There are “secrets” in the executive search trade that anyone who hopes to be headhunted (or hire a headhunter to fill an opening) should know.
Here’s an 18th tip: what you do in the search process can stick with you for a lifetime.
While the world is incredibly small – Wendy Yanowitch’s saying that “The world is made up of (just) six people and lots of mirrors” is pretty true- what you do in the search process or even what you do outside of the search process can find a home in any record a search firm keeps.
While the big international blue-chip firms (Heidrick & Struggles, Egon Zehnder, Russell Reynolds, SpencerStuart) aren’t likely to keep anything on file that they wouldn’t want to see the light of day, something akin to “SM” – see me – is put in files where a conversation is warranted for a candidate or potentially, a prospective client.
Less sophisticated search firms, I would guess, would be less discrete and put things into writing straight into the file. (We’ve all see from court cases that surface email correspondence the dumb things that people memorialize by putting things in writing.)
That “SM” designation signals that a conversation with the person who flagged the comment is suggested.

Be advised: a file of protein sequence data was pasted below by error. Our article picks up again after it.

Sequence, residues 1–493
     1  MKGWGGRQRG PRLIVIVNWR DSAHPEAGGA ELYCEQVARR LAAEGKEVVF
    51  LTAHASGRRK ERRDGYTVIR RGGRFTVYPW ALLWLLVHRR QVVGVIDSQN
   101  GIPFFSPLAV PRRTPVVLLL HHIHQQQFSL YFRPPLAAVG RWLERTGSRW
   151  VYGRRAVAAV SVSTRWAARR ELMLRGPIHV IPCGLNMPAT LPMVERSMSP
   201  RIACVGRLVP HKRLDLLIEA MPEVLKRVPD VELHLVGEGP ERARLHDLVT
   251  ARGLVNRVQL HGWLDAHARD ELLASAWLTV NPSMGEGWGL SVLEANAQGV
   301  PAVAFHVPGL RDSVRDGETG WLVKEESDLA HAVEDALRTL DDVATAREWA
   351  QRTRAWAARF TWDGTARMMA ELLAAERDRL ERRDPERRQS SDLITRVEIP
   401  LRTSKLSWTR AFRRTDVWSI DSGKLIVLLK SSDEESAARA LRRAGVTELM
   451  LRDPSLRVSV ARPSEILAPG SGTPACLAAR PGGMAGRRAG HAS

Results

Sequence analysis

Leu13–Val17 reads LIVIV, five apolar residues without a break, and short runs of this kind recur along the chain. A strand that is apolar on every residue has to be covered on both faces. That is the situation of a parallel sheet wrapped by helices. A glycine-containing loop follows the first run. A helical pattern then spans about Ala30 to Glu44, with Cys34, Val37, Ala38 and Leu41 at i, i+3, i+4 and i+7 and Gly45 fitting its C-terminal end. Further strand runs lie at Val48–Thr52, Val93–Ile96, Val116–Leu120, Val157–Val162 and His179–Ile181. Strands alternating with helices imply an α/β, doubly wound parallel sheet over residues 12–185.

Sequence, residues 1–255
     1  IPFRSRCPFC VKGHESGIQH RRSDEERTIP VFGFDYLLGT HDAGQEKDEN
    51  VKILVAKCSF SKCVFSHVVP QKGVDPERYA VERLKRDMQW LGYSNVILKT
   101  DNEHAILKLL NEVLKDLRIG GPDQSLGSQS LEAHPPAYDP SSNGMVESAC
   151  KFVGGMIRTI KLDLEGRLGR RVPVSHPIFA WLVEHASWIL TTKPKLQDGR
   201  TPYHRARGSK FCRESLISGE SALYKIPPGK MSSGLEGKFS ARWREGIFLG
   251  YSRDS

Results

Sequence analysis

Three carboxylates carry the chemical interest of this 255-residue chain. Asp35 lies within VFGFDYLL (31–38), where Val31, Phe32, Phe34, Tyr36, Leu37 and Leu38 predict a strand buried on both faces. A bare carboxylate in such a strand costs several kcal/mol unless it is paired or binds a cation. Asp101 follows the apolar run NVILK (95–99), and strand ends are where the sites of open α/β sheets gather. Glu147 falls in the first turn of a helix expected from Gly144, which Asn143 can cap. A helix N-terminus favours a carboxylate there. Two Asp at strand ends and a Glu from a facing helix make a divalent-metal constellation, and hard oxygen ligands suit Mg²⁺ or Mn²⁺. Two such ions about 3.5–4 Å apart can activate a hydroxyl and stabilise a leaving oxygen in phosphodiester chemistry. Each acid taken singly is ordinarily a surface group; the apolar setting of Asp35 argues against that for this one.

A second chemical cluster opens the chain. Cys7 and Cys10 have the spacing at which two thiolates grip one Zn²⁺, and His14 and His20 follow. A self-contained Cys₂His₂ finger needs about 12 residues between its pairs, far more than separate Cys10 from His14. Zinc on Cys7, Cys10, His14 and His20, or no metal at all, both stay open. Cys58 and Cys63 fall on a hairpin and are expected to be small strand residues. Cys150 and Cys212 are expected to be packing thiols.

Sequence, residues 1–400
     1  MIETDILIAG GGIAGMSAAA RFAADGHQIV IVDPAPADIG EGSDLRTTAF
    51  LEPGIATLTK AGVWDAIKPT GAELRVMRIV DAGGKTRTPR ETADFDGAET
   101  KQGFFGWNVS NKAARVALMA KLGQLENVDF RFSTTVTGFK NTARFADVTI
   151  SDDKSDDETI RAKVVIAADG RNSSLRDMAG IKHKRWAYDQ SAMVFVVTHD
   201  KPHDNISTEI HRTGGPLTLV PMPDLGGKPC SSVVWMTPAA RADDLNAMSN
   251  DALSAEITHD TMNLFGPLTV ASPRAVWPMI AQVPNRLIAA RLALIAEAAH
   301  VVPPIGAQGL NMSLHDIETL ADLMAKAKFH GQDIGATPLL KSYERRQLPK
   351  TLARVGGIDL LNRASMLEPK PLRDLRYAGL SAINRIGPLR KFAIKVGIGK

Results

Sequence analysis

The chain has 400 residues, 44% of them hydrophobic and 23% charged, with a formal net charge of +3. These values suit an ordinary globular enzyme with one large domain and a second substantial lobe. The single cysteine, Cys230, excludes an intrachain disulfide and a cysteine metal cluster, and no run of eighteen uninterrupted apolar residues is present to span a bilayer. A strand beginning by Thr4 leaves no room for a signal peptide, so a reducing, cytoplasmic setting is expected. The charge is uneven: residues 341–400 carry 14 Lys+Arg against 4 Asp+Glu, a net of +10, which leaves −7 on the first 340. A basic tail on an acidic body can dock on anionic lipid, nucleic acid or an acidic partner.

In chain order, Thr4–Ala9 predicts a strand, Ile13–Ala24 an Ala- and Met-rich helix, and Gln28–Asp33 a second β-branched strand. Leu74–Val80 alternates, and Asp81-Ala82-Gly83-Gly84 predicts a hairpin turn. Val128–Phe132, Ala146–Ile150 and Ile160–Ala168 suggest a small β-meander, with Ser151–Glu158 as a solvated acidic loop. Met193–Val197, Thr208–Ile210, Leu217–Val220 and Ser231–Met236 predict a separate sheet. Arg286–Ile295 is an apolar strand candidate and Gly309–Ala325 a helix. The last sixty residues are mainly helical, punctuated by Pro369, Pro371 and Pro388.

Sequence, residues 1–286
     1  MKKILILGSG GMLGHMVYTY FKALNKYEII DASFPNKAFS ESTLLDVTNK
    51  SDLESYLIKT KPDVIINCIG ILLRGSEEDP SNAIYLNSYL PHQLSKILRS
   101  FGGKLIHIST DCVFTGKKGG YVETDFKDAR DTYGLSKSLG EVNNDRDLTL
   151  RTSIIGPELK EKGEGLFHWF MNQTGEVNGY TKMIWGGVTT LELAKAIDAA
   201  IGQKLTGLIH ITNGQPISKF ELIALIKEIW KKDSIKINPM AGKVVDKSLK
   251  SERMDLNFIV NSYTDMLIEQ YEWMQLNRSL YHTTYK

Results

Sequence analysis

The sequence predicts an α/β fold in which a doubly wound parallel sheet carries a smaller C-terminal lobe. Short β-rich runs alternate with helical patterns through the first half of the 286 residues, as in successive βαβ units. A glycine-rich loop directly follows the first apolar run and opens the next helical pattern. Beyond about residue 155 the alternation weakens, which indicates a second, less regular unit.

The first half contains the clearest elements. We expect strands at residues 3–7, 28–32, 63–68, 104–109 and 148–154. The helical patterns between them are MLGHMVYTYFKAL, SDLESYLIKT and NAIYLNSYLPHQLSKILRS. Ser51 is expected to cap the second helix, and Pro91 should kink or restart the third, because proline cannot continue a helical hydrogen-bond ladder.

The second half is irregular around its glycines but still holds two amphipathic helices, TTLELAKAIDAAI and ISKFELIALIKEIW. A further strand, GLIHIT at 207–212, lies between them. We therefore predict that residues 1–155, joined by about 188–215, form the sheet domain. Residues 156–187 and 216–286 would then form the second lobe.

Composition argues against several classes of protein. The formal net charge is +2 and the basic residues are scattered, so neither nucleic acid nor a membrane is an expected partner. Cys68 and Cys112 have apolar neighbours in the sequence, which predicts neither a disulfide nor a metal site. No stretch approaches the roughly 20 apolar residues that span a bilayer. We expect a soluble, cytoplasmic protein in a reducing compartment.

It could be minor – perhaps somebody has flaked out on an offer they said they’d accept – or major, as in the candidate is a “nut case” and to be treated with caution. So while I think doing the right thing is, well, the right thing, it continues to also be the smart thing.
Life Back West is an occasional set of writings focused on ways people, teams and organizations can be both more effective (doing the right thing) and more efficient (doing the right thing well). More about executive, career and team / leadership coaching services can be found at the “About J. Mike Smith and Back West, Inc.” sidebar or the “Hire Me” tab. You can also read an online interview with me at WhoHub.
An Ifugao warrior with some of his trophies; Identified as Rafael Bulayungan by descendants and in Frank Lawrence Jenista’s The White Apos (1987) (Photo credit: Wikipedia)